Although his season had spectacular highlights, he also disappeared at times, posting a goose egg against Boston College and having five games with three or fewer receptions. This was due to his inability to separate consistently and relying too much on his superior physicality in contested situations.

Coleman’s size (6-foot-4, 215 lbs) and tools will likely get him drafted in the first round, but he must continue to evolve his game to be a more consistent fantasy option in the future. I’m rolling the dice on the talent and upside here.

2023 stats: 50 rec, 658 yds, 11 TD, 13.2 avg


Previously: Unranked

Following TreVeyon Henderson and Emeka Egbuka’s announcements that they would return to Columbus for their senior seasons, Brian Thomas Jr. made his first-round debut. In reality, he should have been in the original article and could continue to rise after he likely destroys LSU pro day and NFL Combine.

Malik Nabers and Jayden Daniels get all of the attention in Baton Rouge, and rightfully so. However, Thomas, who stands at 6-foot-4 and 205 lbs, is an absolute beast who cooked opposite Nabers.

Thomas’ blend of size, speed, and reliable hands make him a mismatch nightmare, which could land him at the end of the first round. The former hoops standout turned down D1 basketball offers, and his body control and vertical make him what we thought Quentin Johnston should be.

I won’t rank him above Rome Odunze, but Thomas’ pre-draft process could vault him another spot or two in our rankings. Did we overlook the next Justin JeffersonJa’Marr Chase combo out of LSU?

2023 stats: 68 rec, 1,177 yds, 17 TD, 17.3 avg


Previously: Unranked

Troy Franklin is a lanky wideout with serious wheels and big-play ability, helping unlock Bo Nix’s offense in 2023. The 6-foot-3 wideout is a burner (will run in 4.3s) who was one of the top deep threats in the country and has some YAC upside at 187 lbs.

According to PFF, Franklin had 37 explosive plays of 15 yards or more and forced 14 missed tackles with the ball in his hands. The best part of Franklin’s game is that he’s not just a straight-line burner; he dices up corners in intermediate routes and can get open on any level. Still, he’s an excellent ball tracker and is a vertical weapon.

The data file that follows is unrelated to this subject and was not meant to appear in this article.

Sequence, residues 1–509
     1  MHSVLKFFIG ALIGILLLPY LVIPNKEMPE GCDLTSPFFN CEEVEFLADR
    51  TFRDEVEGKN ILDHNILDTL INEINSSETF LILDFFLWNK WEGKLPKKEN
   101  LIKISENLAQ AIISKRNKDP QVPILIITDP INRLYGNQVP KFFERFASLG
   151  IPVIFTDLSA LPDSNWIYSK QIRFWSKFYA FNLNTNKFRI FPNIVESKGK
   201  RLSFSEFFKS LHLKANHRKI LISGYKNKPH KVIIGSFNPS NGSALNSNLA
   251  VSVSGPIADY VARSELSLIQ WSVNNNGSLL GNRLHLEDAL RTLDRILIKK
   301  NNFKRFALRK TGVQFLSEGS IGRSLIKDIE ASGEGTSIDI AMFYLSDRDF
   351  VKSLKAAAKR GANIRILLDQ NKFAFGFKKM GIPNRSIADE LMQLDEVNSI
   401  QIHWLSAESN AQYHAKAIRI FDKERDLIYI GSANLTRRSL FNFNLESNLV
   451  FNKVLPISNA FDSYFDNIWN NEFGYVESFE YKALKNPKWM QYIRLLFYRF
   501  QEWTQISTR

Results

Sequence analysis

Franklin is a typical fantasy WR2 with massive ‘boom’ upside– think of Gabe Davis with more receiver talent and consistency. The former Duck is a day-one impact player who fantasy managers can get at the end of the first or early second of rookie drafts.

2023 stats: 81 rec, 1,383 yds, 14 TD, 17.1 avg


Previously: Unranked

AD Mitchell is going for a three-peat after playing his first two seasons at Georgia before transferring to Texas. The Quinn Ewers-Xavier Worthy-Mitchell trio has been unstoppable this year and is a major reason why Texas is in the CFP.

Mitchell has been lethal against single coverage this season, hauling in a league-leading six touchdowns. At Georgia, Mitchell was used as a burner, but his route tree has expanded and he has the size advantage (6-foot-4, 196 lbs) over Xavier Worthy. Since arriving at Texas, Mitchell flourished with Quinn Ewers in Steve Sarkisian’s offense.

Fun fact: 84.4% of his receptions have gone for a first down or touchdown this season (second-best in FBS).

2023 stats: 51 rec, 813 yds, 10 TD, 15.9 avg


Previously: 1.09

Xavier Worthy is one of this class’ most polarizing wide receiver prospects. Fantasy players will see draft experts mocking Worthy from WR4 to WR10 — primarily due to his upside, his inconsistencies, and lack of size at 6-foot-1, 172 lbs.

From a positive standpoint, Worthy is one of the best short and intermediate route runners in his class, displaying elite short-area quickness and NFL-type releases. Plus, he can burn defensive backs downfield with his blazing speed (4.29 40). However, his lack of size doesn’t stack up against physical defensive backs and sometimes has a case of the dropsies.

Still, if drafted into the right spot, he’ll be a fantasy weapon and could be a weekly ‘boom’ option. Worthy’s landing spot will be key to his early success.

Key 2023 stats: 75 rec, 1,014 yds, 5 TD, 13.5 avg

KEEP TABS ON: Xavier Legette (WR, South Carolina), Johnny Wilson (WR, FSU), Donovan Edwards (RB, Michigan), Trey Benson (RB, FSU), Blake Corum (RB, Michigan), Jonathan Brooks (RB, Texas), Braelon Allen (RB, Wisconsin), Bucky Irving (RB, Oregon), Bo Nix (QB, Oregon), Michael Pennix Jr. (QB, Washington)